Not all pathologists are created equal

Pathology and laboratory medicine services play a vital role in global health care and continuously improve patient care around the world. When it comes to your medical care, you have many options, and choosing the right professional could improve your health. So what exactly does a pathologist do, and do I have the power to choose my own pathologist?

The pathologist’s role

A pathologist is a medical doctor who studies the causes and effects of diseases, specifically examining laboratory samples of body tissue. Most patients never actually see or meet their pathologist because someone else usually performs the procedure (i.e., blood draw or biopsy), take it to the laboratory for a pathologist to study and who will make the diagnosis. Then the patient’s doctor will provide the results. A cytopathologist is a specialized pathologist who looks at and interprets cells to determine the cause or nature of disease. Combining multiple roles, some pathologists are also specialists who also perform biopsies such as fine need aspiration (FNA), often in combination with ultrasound to pinpoint a lesion’s location.

FNA vs. surgical biopsy

Someone once said that medicine is an art practiced by a scientist. Nowhere is that truer than in the practice of FNA, where the correct technique is critical for accurate samples. In order to determine whether a lump is malignant, cancerous cells from the area must be examined under a microscope. Those cells can be obtained with an open biopsy or an FNA biopsy. An open biopsy, as you might expect, is a surgical procedure. It may take weeks to set up the appointment. You need a general or local anesthetic. These procedures are usually done in an outpatient surgery center or hospital. The surgeon makes an incision, or cut, in the skin and removes the questionable tissue. There is a certain amount of tissue trauma and bleeding, which means it takes more time to recover. An FNA biopsy is done in a doctor’s office with a very tiny needle. Not only can the appointment be made within days, it is much less uncomfortable, and has less risk of bleeding or trauma to the tissue. From the patient’s perspective, an FNA is faster, can be performed in a doctor’s office, is less expensive and there is less tissue trauma than with an open biopsy.

FNA accuracy

Fine needle aspiration was once the preferred method used to diagnose breast and other cancers. Unfortunately, the medical community began to lose confidence in the procedure for certain body sites. Too many diagnoses were inaccurate. The primary reason for this was that doctors who were not properly trained in fine needle aspiration (FNA) biopsy were performing the procedure. One study found that physicians without formal training in FNA techniques missed as many as one-quarter of cancers. Formally trained physicians missed only two percent. As with any technical medical skill, knowledge, experience and practice are what make FNAs accurate and useful.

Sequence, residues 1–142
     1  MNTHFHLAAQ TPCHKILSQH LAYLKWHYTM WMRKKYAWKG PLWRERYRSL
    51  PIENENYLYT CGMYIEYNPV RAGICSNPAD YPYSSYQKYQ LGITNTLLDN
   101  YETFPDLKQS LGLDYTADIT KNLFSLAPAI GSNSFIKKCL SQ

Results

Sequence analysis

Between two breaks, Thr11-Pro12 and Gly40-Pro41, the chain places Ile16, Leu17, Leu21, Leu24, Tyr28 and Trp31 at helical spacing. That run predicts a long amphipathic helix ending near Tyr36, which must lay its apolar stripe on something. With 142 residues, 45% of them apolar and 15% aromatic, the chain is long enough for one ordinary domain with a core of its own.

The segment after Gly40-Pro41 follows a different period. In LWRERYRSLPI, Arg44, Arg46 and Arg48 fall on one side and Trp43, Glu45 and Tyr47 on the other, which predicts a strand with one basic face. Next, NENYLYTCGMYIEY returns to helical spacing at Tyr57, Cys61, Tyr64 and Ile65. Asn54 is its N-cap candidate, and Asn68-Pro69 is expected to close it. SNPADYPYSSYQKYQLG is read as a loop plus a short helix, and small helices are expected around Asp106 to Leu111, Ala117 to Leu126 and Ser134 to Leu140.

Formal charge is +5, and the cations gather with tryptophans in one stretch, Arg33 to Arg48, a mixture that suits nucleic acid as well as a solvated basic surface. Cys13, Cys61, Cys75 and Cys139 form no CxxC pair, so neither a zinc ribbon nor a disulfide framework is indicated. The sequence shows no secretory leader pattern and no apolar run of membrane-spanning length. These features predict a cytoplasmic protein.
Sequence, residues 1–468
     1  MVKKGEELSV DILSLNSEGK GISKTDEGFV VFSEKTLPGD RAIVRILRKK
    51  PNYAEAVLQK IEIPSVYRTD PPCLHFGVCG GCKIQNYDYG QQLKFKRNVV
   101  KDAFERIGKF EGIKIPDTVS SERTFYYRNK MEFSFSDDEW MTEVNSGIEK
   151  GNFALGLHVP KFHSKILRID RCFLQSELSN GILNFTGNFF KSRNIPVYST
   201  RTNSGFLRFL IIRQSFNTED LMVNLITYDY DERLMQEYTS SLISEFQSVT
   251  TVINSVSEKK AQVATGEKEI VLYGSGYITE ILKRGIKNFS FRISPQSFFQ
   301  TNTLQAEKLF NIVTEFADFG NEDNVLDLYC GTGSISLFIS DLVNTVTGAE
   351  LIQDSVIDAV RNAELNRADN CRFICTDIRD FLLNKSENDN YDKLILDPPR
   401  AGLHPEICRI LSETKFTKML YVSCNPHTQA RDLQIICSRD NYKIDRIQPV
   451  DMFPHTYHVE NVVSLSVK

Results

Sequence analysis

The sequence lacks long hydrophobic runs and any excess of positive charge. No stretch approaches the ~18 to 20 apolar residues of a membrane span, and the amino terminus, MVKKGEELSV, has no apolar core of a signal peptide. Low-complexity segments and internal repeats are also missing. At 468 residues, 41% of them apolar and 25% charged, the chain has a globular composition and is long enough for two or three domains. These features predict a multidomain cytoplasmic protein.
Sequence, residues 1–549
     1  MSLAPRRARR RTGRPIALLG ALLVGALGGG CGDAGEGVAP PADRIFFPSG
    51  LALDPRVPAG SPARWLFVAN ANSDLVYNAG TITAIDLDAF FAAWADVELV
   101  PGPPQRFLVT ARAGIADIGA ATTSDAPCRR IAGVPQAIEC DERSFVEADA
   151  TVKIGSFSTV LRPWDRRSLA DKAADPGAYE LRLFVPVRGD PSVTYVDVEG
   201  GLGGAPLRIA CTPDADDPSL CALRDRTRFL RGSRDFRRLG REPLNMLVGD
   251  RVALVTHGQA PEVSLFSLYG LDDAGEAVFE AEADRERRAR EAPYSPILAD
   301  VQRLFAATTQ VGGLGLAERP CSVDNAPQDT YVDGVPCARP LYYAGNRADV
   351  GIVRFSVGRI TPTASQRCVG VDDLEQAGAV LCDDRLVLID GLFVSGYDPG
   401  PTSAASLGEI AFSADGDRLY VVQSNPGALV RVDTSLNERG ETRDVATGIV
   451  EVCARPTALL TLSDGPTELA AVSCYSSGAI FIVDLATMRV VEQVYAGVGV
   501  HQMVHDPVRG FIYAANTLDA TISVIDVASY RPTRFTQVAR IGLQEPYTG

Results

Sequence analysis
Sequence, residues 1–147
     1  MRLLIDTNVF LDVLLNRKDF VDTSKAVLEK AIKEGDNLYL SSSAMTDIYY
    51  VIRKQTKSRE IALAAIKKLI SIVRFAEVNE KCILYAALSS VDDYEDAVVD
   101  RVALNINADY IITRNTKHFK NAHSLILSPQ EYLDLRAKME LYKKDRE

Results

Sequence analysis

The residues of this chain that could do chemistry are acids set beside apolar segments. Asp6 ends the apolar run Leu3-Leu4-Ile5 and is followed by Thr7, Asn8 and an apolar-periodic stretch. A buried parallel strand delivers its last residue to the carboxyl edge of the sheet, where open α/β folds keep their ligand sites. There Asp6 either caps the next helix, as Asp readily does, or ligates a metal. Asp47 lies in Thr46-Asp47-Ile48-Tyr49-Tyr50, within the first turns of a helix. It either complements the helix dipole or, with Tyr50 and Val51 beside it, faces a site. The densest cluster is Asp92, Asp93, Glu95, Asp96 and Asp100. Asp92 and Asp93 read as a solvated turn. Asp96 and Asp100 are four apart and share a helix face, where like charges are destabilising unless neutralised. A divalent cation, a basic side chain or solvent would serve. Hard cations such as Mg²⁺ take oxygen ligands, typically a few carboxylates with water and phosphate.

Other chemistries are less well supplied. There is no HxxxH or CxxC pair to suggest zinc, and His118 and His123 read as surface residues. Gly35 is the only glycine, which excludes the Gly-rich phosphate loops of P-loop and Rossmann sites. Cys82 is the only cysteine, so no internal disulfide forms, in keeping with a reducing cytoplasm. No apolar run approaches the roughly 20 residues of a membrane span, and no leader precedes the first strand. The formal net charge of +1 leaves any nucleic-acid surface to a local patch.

Why training matters: the certified cytopathologist

All doctors spend an average of 7 to 12 years in training. While that gives them the necessary skills and knowledge for basic practice, there are many technical skills that doctors acquire through additional training. Fellowship training in cytopathology is a good example. The pathologist undergoes additional training in order to be able to evaluate microscopic pieces of tissue or “cells in space” to determine whether the lump is cancerous or not. A board-certified cytopathologist also receives additional training in performing and interpreting FNAs. In addition, the doctor must pass an exam specific to the specialty and complete ongoing continuing education to maintain that certification.

As a cytopathologist, they understand not only how to perform and interpret an FNA but also the importance of processing the sample correctly, which leads to a more accurate diagnosis. When FNAs are performed by other types of doctors (not cytopathologists), many times the tissue is considered inadequate to evaluate and the patient has to come back for a repeat biopsy. Moreover, a cytopathologist is the only doctor who can immediately look at the tissue under the microscope, while the patient waits, to make sure there is enough to make a correct final diagnosis. Through the use of ultrasound, the FNA specialist can also determine the exact location of the lump in order to obtain a good sample while minimizing tissue trauma.

If you have a lump and are concerned it might be cancer, you may need of a biopsy. If so, an FNA specialist who is also a certified cytopathologist is the optimal choice, because they can perform the fastest, most accurate test for malignancy, while being minimally invasive, cost-effective and offering quick, often same-day results. Take your time finding a medical professional that fits your needs and can provide you the best medical attention. Not all doctors or pathologists are created equal, so make sure you do your research and find the best option for your health.

Celina Nadelman is a pathologist and can be reached at her self-titled site, Dr. Celina Nadelman.

Image credit: Shutterstock.com

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